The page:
Now as you may have noticed I have added a Twitter follow button to this blog.  If you want to be kept up-to-date with the blog and what I'm working on, then press the button.  Now I'm really keen that I don't just end up generate needless noise, however I will tweet about updates to this blog and other sound design related stuff that I think will be of interest to blog followers.  Equally if you have comments or sound design items I might be interested in then I look forward to hearing from you.

Thursday, 23 June 2011

Leave Presets Behind

If you are going to "make it" as a sound designer then you have to be prepared to leave presets behind. This can be a daunting prospect, especially when you are fairly new to sound design, but in my view it is a necessary step.  When you are starting, think of your synthesizer or audio effect as a "system", what an engineer will call a "black box".  The system will have some input information that it will processed in some way, in order to generate some output.  In this area the inputs and outputs will probably be with audio or MIDI information.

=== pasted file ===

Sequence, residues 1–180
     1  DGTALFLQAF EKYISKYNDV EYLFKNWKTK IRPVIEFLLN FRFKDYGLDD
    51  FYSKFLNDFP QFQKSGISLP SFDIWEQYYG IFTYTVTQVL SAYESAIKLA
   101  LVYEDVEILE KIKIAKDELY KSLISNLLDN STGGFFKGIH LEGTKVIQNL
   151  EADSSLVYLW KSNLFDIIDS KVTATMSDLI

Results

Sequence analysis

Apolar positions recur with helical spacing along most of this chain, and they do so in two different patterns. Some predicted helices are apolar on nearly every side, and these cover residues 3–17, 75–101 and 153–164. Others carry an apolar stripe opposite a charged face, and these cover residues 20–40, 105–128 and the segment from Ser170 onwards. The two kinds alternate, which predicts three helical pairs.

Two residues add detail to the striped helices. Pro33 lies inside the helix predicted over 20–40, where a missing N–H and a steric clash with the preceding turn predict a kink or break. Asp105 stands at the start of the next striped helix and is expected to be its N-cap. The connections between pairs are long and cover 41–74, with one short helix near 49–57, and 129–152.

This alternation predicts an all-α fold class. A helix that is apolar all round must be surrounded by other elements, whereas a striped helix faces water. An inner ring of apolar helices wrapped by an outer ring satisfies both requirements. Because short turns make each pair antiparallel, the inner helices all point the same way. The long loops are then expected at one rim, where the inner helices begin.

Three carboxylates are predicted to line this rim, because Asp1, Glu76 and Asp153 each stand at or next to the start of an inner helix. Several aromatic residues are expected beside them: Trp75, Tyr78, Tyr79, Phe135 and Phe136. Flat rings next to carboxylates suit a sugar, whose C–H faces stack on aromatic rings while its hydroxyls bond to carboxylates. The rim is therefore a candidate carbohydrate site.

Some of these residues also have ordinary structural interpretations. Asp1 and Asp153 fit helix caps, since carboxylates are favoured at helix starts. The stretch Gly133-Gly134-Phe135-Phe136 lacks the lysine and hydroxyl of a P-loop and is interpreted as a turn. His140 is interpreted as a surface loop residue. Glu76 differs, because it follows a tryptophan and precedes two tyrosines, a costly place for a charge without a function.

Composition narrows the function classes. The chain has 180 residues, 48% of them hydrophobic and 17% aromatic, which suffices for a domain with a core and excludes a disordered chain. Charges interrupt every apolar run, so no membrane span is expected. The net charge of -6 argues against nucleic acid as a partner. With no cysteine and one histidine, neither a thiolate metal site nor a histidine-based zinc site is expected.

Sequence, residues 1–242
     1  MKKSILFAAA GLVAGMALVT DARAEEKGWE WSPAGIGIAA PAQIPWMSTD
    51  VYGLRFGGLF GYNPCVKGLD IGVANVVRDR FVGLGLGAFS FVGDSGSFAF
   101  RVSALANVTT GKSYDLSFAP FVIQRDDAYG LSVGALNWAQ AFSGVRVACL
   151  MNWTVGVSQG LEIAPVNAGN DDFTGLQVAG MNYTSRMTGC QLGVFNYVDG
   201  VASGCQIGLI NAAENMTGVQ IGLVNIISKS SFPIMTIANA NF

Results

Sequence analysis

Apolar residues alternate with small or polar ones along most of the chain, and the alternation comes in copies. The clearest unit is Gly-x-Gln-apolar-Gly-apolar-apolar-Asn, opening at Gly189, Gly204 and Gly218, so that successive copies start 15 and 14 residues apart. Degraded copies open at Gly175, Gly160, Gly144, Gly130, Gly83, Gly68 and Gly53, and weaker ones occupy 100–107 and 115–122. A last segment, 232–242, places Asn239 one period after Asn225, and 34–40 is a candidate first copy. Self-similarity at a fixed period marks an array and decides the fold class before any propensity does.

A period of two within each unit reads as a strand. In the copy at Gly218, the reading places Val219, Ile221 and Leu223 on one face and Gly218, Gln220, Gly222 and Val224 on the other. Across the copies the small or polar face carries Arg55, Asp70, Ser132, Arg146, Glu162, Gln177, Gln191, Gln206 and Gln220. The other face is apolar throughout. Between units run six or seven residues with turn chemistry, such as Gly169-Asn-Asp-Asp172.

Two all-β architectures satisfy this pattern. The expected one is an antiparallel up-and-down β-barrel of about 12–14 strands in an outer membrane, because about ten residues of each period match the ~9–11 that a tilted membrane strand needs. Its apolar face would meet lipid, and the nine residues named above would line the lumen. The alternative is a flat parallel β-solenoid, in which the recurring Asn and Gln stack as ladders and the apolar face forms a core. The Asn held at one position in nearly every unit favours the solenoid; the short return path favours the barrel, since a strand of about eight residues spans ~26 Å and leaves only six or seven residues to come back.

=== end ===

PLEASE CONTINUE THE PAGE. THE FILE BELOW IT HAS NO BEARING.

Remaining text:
Then research the operation of this particular "type" of system.  For example, if it is a delay effect then learn "how" delay effects work or if it is a subtractive synthesizer then learn "how" they work and their basic operation.  Although you can do sound design purely by ear, in my experience if you learn and understand the lower level technology it will give you more possibilities and when you combine this with your ears, you'll have a lot more flexibility and potential.

Next look up the exact operation of the system that you have.  It may sound obvious, but the best source of information is the manual.  Now believe me, I don't advercate reading the manual from cover to cover, but keep it close at hand for when you are unsure of something.  Manuals will tell you exactly what the system will do and will generally also explain how the system performs its operation (if you are lucky it will also contain a fair bit of background information).  I have to confess that I do find it frustrating when I am asked questions that clearly tell me that the manual has not been consulted, hence RTFM. (Look this up if you don't know what it means.)

As you gain experience with a particular type of effect or synthesizer you'll find that you will start to understand what the controls do, without having to consult the manual continually.  Having said that, when I pickup a new effect or particularly an advanced synthesizer I always tend to lookout for a "block diagram".  This will show the "signal flow" within the system and the connection of the systems sub-components.  In other words, it is what is inside the black box.  This for me is a vital asset in understanding the intricacies of the sound design possibilities that the system gives.  Block diagrams come in many different guises, from being a written description and/or a drawing in manual: